Berdmore's Chorus Frog Microhyla berdmorei
Berdmore's Narrowmouth Frog Microhyla berdmorei
rosey with leech socks in khao yai
Note the leech socks covering Rosey’s lower legs

In the course of muddy hiking we came across our first elephant sign. I really wanted to see some elephants, but it’s intimidating to imagine running into one in a place like this.

elephant sign in khao yai
elephant sign in khao yai
elephant sign in khao yai

After a long hike though the forest, we broke into a different habitat:

With a new landscape came new herps. In fact, these grassland species were ones that I’d wanted to find in Bangkok, but had never managed to locate the right habitat for.

Three-striped grass frog (Hylarana macrodactyla)

Three-striped Grass Frog Hylarana macrodactyla
Three-striped Grass Frog

Long-tailed grass lizard (Takydromus sexlineatus)

Asian Grass Lizard Takydromus sexlineatus
Long-tailed Grass Lacerta Takydromus sexlineatus

We also found this cute little skink in the area.

Streamside Skink (Sphenomorphus maculatus)

Streamside Skink Sphenomorphus maculatus hatchling

Habitat shot

the meadow at khao yai with observation tower in the background

And the butterflies in the grassland were especially beautiful.

When we ran into a tour group near the hide, it marked the first and only place that we saw people off of the road. Other than the hide (which was also accessible via an 1 km dirt road), we didn’t see anyone on a single one of the trails we went on. Rainy season Tuesdays have their benefits!

As we walked back to our dormitory I saw a promising stick on the ground. Underneath it I spotted a tiny patch of scales. That revealed a baby snake the size of a milk carton straw.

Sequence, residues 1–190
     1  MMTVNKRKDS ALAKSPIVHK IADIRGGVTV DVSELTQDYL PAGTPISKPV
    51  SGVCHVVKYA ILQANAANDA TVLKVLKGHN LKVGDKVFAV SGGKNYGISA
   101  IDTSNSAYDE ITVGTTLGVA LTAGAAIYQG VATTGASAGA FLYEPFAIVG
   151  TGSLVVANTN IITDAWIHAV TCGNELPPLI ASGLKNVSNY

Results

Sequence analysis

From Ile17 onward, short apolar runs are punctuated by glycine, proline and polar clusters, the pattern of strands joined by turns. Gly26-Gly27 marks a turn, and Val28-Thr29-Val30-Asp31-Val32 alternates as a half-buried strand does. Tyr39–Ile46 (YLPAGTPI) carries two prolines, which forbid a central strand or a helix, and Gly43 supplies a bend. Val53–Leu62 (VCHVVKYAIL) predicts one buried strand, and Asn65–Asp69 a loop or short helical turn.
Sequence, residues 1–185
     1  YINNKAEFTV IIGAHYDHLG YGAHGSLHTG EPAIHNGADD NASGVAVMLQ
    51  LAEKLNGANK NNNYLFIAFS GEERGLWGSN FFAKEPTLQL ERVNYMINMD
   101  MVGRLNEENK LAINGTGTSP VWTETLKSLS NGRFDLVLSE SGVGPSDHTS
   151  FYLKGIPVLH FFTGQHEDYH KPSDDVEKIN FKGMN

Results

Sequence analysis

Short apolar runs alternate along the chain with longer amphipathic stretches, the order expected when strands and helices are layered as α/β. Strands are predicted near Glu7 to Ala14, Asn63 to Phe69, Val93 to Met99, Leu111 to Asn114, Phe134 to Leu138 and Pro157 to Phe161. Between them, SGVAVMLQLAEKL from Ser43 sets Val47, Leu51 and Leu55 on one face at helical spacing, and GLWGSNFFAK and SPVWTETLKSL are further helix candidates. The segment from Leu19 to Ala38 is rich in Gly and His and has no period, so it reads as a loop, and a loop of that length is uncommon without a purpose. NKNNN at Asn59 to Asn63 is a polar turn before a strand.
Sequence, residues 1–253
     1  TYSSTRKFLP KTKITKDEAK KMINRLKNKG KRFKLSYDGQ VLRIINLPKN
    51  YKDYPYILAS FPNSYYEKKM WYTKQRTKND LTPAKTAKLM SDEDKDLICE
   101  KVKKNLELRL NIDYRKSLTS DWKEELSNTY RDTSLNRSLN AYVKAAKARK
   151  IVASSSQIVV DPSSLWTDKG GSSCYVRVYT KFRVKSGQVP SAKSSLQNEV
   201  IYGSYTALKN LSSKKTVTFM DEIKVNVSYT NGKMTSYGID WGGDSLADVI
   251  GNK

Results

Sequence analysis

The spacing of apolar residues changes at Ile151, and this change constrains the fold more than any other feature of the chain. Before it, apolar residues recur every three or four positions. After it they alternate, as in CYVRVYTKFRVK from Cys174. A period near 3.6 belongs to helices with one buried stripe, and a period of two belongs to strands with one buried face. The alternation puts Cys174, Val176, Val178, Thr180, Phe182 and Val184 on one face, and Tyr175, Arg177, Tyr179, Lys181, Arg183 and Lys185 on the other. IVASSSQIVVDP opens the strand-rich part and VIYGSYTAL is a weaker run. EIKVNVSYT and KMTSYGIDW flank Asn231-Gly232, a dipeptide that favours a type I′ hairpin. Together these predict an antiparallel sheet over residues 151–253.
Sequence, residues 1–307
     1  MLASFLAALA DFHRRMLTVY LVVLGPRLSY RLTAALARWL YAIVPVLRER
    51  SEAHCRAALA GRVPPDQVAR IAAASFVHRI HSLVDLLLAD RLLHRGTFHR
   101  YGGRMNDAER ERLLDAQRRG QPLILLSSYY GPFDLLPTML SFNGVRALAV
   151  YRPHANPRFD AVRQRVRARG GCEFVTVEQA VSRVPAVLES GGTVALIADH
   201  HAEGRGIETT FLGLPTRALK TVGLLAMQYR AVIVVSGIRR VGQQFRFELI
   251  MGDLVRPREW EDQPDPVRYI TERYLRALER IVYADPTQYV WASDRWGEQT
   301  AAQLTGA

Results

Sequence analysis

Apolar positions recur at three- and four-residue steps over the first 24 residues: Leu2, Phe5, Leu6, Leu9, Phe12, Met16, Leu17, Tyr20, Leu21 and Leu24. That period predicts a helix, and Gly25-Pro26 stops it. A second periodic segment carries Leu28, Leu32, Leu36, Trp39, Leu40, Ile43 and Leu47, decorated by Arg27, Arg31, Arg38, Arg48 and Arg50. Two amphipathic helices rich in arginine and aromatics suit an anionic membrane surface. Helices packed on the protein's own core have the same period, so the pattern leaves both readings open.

Collared Reed Snake (Calamaria pavimentata)

Collared Reed Snake Calamaria pavimentata juvenile

Back at camp my wife took a nap while I explored a new trail. First I found this turtle sitting on land:

Southeast Asian Box Turtle (Cuora amboinensis)

Southeast Asian Box Turtle Cuora amboinensis

Then this turtle was in the distance basking on a log:

Asian Leaf Turtle (Cyclemys dentata)

Asian Leaf Turtle (Cyclemys dentata)
Asian Leaf Turtle (Cyclemys dentata)

I gained a little elevation on the trail, and on one step heard a rustling in the underbrush. I thought it was a frog, but took a look and found a stocky lizard! One of my big herp goals was to see more interesting agamids, and this guy was a great start!

Rough-bellied Mountain Dragon (Acanthosaura lepidogaster)

Mountain Horned Dragon Acanthosaura lepidogaster

On our second morning we had an uneventful trip to the tower blind at first light. On the way back the day got clearer and warmer, and the skinks were out in numbers. I think we mostly saw two species of skinks over the course of the trip, both of which showed up in several habitats:

Common Sun Skink (Mabuya multifasciata)

Common Sun Skink Mabuya multifasciata

Streamside Skinks (Sphenomorphus maculatus)

streamside big khao yai sunning

The forest hikes produced a good variety of strange invertebrates both day and night.

The trails around the visitor center produced a lot of interesting animals. But several of my friends had told me that if we wanted to see some really neat reptiles, there was a certain river trail that we absolutely had to try out. That’s what we did next.